President Jacob Zuma has welcomed the progress made in the health and education sectors but called for more to be done to fight violence against women, create jobs and speed up land redistribution.
Delivering the 2013 State of the Nation Address, President Jacob Zuma said he was pleased with the 2012 matric pass rate, growth of early childhood education programmes and the adult education programme, Kha Ri Gude, which reached more than 2.2 million people between 2008 and 2011.
While the President welcomed the improvement in the Annual National Assessment results each year, he urged more action to improve mathematics, science and technology results.
He said that to improve these results, the Department of Basic Education would establish a national task team to make sure the Mathematics, Science and Technology Strategy succeeds.
“We urge the private sector to partner government through establishing, adopting or sponsoring maths and science academies or Saturday schools.”
Reporting on progress in health, the President said the National Health Insurance Fund would be created by next year and the Department of Health would speed up and and intensify progress in the pilot districts. From next month, the first group of approximately 600 private medical practitioners will be contracted to provide medical services at 533 clinics within villages and townships in 10 of the pilot districts. President Zuma welcomed studies that reported a dramatic increase in life expectancy from an average baseline of 56 years in 2009 to 60 years in 2011.
“Increased life expectancy is a key to the country’s development. People are returning to work, they are being productive, economically and socially. The family structure is increasingly stable and parents live longer and are able to take care of their children.” President Zuma also expressed concern about the “alarming increase” in lifestyle diseases.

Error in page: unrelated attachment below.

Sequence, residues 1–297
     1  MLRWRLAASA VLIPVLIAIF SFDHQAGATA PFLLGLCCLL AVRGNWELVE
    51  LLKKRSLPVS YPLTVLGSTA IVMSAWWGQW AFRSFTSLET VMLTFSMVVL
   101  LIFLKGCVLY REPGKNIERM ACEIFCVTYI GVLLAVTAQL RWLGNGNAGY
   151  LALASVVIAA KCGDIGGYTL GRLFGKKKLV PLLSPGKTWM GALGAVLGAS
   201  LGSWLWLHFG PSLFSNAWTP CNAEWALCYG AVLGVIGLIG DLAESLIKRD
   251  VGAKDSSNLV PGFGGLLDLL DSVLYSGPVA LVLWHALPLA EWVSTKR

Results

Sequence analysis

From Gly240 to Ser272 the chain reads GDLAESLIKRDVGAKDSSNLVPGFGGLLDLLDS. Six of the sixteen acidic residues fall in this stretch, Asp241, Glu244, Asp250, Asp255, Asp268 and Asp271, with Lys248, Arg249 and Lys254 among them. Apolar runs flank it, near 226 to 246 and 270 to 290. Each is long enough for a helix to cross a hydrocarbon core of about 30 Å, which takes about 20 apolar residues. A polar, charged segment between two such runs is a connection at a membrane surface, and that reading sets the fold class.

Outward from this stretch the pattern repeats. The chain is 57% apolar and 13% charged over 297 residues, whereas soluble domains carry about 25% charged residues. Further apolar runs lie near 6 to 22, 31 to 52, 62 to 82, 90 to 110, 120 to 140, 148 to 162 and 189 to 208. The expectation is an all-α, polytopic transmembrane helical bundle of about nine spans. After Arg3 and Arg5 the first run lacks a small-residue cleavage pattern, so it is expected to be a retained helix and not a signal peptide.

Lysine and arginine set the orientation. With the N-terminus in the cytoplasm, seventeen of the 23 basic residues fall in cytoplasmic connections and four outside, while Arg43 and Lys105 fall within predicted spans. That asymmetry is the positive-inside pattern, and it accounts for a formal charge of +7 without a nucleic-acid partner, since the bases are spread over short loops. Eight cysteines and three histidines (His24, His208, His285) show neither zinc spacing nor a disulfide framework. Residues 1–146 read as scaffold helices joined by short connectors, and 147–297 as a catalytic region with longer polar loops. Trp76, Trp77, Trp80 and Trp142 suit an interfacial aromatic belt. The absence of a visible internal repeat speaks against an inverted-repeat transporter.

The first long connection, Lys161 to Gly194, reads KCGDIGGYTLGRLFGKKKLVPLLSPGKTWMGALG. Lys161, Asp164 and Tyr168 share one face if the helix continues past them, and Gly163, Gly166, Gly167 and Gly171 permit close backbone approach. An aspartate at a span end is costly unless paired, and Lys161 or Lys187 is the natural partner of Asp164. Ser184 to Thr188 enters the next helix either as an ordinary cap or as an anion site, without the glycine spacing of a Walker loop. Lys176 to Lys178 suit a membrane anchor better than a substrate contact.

The country needed to combat and lower the levels of smoking, harmful effects of alcohol, poor diets and obesity, he noted.
Turning to job creation, the President said jobs would be created for millions of South Africans over the coming years.
“The National Development Plan outlines interventions that can put the economy on a better footing. The target for job creation is set at 11 million by 2030.”
There would be discussions with business, labour and other social partners in an effort to deal with the problems that need to be addressed so that the economy can grow and create these jobs, he added.
President Zuma also spoke out against rape and violence against women, saying strong action would be taken to tackle these crimes.
He directed law enforcement agencies to treat these cases with the utmost urgency and importance.
“The brutality and cruelty meted out to defenceless women is unacceptable and has no place in our country,” the President stressed.
He called for unity from different sectors to help fight the scourge and urged the coordinating structure of the National Council on Gender Based Violence to make the campaign aimed at fighting violence against women an everyday campaign.
On land redistribution, President Zuma said government would now pursue the ‘just and equitable’ principle for compensation, as set out in the Constitution instead of the “willing buyer, willing seller” principle, which forces the state to pay more for land than the actual value.
There were also proposed amendments to the Restitution of Land Rights Act, 1994 to provide for the re-opening of the lodging of restitution claims by people who missed the deadline of 31 December 1998.
“Also to be explored, are exceptions to the June 1913 cut-off date to accommodate claims by the descendants of the Khoi and San as well as heritage sites and historical landmarks,” he said.
For more details on the State of the Nation Address see our special supplement.